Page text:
old age - quotes and descriptions to inspire creative writing
There they were, the nanas, around their table of flour making the pastas. The air was thick with their tales and gossip, sometimes an old song, no doubt helped along by the wine they shared. As they day went on the food appeared and the eldest would ring the bell for the community to come. That's how we did things. The old folk were happy and we were well fed, it took a lot of work from the mamas and the papas. We were a community from the cradle to the grave, what else could a good life be?
Old age had once seemed some distant destination on some horizon uncharted, yet just as one step in front of the other will take you thousands of miles if you keep walking, it had arrived. Her hair was the colour of silver in various stages of oxidisation, every hue from fresh coins to almost slate grey. Once in a while I would close my eyes and listen to her voice, to the quick wit and laughter, and suddenly we were kids again and she was telling me some tall tale or irreverent joke. Esme was like that, always.
In the age of more basic machinery, of those polluting combustion engines, the old could be of less help than now. In the robot age they are the hardest working generation, freeing their children up for parenting and enjoying their youth. People learn and work from their late teens and early twenties as before, but few hours. The silver army is what we rely on, for they oversea the robots, the drones, the systems that grow and transport food, provide energy, make clothing and such. It keeps everyone healthier, more active and involved in living. For the very old there is care and love, we do it right, it's who we are.
She is yet another woman of steel beaten down by old age. Her hair, once a shimmering black curtain, is now just a frilly white thing. Her porcelain face had withered by time and it'd left her nothing but a frail layer of skin. Her tight embraces and firm arms were worn down by years of work and stressful migraines. Not to mention her eyes. They were once full of light -so bright it would save any soul lost to the shadows. They used to reflect the kind of warmth and love only a summer sun could give away. But now her days are over and those eyes would open no more. Those arms would not hug any more than those lips would kiss another. Remember the days when her heart beat the most melodious rhythm. Old age is humanity's frenemy, and today it brings her down.
She'd heard it said before that age was a cruel mistress, or was that time, she couldn't quite recall. She hadn't understood it back then, but now the cruelty was beginning to make itself apparent to her. She didn't feel a day over twenty in her mind, but now her face was beginning to look like an over-stored apple, her grin was gap-toothed from extractions and her joints ached in the foggy weather they'd been having lately. All that was on the horizon now was more of the ravages of age steeling into her skin and bones bit by bit, until eventually even her mind wouldn't escape it. She'd watched her mother's decline decades before, she'd been spry and mentally alert right up to her eighty-one, then the downhill slide was as rapid as a toboggan on a slippery winter hill.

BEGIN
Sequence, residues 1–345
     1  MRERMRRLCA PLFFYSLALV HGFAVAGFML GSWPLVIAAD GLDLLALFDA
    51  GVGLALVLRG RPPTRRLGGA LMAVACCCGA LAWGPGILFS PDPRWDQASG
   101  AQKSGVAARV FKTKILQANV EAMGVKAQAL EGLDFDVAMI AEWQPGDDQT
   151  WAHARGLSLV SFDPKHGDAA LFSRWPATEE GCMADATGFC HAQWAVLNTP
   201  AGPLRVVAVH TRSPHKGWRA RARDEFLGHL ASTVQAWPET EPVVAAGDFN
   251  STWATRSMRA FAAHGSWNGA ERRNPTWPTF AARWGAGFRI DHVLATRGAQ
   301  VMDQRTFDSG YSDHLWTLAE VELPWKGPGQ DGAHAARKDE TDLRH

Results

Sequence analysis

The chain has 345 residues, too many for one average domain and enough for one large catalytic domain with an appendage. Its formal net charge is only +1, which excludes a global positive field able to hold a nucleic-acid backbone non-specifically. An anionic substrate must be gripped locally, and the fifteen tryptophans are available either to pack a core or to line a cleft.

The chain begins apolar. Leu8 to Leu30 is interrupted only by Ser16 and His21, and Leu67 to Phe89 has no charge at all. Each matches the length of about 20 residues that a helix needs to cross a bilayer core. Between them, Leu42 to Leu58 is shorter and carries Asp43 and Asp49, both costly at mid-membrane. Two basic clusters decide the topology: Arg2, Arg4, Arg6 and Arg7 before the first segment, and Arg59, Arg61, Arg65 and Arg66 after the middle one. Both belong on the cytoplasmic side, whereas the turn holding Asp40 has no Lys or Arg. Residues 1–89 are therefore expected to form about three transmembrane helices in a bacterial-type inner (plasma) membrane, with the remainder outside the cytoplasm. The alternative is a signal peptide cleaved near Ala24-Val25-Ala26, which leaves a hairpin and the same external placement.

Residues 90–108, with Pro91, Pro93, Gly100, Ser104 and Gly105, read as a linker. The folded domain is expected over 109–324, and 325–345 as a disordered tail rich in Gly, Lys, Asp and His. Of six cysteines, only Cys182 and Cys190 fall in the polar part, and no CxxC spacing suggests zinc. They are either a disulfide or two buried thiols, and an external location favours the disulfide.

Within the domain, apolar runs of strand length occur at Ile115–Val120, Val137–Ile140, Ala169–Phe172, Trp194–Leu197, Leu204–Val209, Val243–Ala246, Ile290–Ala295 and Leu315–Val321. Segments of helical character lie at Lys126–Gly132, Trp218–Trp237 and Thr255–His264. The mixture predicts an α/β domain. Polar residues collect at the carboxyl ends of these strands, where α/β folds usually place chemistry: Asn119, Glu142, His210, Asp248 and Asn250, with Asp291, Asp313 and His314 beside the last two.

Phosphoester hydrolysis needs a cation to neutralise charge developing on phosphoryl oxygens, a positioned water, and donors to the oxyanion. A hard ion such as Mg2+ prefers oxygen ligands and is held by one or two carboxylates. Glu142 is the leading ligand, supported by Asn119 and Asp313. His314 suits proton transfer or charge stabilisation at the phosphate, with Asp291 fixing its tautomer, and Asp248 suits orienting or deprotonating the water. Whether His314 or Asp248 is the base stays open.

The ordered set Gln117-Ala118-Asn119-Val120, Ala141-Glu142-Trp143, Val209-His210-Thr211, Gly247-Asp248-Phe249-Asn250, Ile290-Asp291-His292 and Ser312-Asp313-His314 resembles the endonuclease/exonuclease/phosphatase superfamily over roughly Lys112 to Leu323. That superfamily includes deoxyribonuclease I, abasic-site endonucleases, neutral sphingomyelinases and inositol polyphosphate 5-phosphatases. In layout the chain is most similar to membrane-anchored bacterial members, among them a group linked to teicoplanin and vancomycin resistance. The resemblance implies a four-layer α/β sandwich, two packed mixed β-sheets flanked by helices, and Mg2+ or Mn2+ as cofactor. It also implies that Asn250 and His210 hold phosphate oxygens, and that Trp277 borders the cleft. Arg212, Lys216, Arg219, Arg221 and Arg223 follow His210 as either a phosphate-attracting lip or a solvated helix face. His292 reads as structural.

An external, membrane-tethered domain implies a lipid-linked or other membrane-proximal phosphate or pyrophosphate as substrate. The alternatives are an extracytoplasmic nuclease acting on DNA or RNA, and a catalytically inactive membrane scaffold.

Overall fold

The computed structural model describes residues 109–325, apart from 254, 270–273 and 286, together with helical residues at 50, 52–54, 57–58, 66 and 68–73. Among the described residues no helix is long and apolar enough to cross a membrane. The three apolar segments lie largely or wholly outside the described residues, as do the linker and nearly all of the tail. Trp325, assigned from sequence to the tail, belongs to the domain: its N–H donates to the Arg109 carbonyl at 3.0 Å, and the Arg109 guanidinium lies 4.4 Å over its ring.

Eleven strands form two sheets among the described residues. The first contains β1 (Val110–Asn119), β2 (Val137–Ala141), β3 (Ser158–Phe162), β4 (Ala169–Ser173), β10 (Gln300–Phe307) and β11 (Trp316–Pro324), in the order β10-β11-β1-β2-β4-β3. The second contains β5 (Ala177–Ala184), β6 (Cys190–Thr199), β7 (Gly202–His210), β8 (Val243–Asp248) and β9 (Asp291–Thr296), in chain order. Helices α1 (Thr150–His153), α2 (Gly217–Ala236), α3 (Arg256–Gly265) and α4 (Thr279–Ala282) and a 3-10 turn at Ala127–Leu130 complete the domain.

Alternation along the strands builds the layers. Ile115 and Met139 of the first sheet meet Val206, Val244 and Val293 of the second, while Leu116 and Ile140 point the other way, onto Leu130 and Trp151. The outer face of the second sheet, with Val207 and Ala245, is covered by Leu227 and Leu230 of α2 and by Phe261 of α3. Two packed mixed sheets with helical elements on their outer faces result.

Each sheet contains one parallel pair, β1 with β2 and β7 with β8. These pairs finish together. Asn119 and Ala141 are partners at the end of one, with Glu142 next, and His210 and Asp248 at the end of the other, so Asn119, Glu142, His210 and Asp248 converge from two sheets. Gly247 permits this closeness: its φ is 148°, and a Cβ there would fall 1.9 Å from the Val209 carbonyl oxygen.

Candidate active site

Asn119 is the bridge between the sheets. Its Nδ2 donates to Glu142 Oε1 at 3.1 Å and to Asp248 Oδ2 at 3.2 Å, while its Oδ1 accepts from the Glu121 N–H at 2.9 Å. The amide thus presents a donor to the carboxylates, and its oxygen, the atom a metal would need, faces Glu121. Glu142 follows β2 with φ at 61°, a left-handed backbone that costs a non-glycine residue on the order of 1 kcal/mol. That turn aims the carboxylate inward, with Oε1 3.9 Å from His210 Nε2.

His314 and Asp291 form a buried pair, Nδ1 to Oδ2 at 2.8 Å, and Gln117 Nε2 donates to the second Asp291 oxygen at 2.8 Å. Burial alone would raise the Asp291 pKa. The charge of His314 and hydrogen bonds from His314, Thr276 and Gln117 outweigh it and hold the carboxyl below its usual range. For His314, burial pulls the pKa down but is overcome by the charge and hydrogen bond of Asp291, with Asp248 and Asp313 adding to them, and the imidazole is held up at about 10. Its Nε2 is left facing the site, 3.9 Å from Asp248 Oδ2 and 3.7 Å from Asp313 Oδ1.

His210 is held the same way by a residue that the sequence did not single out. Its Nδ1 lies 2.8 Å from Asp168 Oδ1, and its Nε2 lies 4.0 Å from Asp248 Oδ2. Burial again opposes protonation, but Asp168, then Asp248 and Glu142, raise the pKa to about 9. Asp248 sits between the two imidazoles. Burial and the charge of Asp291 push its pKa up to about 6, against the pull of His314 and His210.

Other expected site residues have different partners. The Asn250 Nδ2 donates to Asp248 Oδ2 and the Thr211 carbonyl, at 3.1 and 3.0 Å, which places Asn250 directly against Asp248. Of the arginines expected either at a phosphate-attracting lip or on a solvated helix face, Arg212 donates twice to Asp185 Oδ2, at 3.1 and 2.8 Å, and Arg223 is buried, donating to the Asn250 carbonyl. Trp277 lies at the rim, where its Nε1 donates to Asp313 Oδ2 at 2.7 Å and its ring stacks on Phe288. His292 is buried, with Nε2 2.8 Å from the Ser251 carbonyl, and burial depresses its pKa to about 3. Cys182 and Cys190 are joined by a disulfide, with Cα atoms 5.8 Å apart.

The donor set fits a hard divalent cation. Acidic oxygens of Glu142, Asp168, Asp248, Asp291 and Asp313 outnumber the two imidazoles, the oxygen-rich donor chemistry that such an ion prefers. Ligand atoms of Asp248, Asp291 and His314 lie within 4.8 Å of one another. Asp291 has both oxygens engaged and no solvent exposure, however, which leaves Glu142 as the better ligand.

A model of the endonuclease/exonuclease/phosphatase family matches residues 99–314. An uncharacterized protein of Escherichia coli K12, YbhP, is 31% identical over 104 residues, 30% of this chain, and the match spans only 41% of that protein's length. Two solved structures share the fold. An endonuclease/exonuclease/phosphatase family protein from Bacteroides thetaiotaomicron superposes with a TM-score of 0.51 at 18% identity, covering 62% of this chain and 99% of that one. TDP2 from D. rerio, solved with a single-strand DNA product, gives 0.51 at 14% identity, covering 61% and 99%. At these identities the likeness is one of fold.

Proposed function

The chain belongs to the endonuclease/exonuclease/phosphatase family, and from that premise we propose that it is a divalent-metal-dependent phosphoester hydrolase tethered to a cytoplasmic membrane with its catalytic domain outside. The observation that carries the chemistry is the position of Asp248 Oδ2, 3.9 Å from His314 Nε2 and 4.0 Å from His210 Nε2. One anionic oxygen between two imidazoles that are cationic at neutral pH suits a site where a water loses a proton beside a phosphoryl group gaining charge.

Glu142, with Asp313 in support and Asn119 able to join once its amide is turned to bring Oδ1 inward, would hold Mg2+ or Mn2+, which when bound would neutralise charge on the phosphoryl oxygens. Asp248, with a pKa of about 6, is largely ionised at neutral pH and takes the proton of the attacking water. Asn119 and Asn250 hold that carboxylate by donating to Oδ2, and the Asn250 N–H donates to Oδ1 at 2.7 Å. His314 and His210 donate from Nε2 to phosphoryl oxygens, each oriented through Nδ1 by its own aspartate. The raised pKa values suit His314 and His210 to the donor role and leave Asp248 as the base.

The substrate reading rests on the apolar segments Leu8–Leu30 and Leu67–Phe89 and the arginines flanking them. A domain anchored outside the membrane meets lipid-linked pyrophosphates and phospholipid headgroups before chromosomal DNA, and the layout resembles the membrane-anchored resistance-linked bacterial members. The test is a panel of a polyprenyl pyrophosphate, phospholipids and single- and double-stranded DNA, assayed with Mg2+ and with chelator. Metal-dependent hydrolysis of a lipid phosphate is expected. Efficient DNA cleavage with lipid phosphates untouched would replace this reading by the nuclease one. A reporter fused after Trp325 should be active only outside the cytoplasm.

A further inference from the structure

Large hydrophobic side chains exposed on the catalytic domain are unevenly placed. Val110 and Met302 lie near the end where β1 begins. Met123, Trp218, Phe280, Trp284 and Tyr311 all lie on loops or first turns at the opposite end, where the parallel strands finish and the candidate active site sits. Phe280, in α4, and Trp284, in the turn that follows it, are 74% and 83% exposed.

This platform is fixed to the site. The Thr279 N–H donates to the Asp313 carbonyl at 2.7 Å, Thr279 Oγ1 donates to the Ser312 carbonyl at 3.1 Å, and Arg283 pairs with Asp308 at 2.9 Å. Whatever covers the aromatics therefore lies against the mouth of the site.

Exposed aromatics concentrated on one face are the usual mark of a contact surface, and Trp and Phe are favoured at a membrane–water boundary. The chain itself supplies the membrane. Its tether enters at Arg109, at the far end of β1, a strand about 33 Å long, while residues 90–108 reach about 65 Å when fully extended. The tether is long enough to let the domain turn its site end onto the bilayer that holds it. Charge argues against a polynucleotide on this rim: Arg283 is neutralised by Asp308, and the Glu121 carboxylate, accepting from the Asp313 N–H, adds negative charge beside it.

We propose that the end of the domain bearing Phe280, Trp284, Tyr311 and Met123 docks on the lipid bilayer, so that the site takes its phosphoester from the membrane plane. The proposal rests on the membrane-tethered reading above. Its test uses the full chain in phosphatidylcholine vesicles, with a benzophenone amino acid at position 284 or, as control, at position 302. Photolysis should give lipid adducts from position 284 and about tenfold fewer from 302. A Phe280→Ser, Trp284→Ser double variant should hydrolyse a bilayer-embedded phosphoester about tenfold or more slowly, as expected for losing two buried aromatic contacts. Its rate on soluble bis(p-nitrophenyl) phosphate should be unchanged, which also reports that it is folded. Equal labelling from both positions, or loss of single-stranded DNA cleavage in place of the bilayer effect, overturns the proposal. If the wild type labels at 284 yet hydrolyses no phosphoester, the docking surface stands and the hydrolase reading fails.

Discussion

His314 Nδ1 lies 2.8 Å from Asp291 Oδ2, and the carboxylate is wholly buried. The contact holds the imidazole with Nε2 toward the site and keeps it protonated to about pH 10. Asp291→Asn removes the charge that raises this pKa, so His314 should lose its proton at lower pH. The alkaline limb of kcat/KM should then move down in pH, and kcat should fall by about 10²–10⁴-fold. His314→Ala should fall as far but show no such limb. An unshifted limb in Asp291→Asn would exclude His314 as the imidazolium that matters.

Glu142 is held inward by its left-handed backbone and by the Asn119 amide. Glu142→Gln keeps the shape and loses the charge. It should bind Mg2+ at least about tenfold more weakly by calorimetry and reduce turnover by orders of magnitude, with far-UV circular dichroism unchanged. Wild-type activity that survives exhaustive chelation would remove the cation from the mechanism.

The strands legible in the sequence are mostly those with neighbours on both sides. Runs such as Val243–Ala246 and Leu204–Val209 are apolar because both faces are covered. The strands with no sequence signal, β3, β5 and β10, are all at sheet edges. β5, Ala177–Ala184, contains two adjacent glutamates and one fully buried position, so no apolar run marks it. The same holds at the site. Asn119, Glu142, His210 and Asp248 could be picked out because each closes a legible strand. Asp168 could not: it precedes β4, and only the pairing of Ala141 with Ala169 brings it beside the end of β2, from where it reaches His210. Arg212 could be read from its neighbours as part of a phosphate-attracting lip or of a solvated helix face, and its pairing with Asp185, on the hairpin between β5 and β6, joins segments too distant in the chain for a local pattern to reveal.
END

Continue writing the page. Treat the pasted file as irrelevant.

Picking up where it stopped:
I revel in the glances I steal at her. With a face as withered as a flower left to waste, her face clothed in wisps of white hair she seems nothing more than commonplace. To my eyes however, she seems to dazzle with an indescribable light, so rich with emotion that even I, with all the years she will never be able to get back garner immeasurable envy. Like a worn out book whose warmth and words I would seek yet never reach as time and again my fingers could but only brush over the tips of the pages...
With ill-kempt hair and pallid craggy skin he definitely reflected his age. Some men age gracefully, and some don’t. I didn’t get a chance to see his eyes, mainly because of the rolled awnings of his upper lids sagging enough to obstruct a view. I imagined his eyes a milky blue, solemn and moist somewhere underneath. The stride of a young man was stolen years ago and replaced with an unbalanced amble. Liver spots crept over the backs of his hands and speckled the length of his sun kissed arms.
Her once alert and agile mind began to blur at the edges. Memories once sharp and crystal clear were now disappearing into a fog, being erased, as if they had never happened at all. It's true what they said, time is a thief, it was steeling everything she ever was or hopped she would be and there was nothing she could do about it.
The air in Granny's tiny living room is damp with an undercurrent of mildew. She sits on the old armchair Gramps loved so much, her think and wrinkled hands resting on the balding fabric. Before her, absorbing all the heat from her one bar fire is a clothes horse just as elderly as she is. It zig zags before her, the yellowing varnish over the oak barely visible under the weight of laundry. Her eyes rest on it as if they plan to stay there until the clothes are dry and ready to be ironed. I switch on the radio and tune it to some jazz, Gramps loved jazz. Her eyes come alive and for the first time she notices my presence.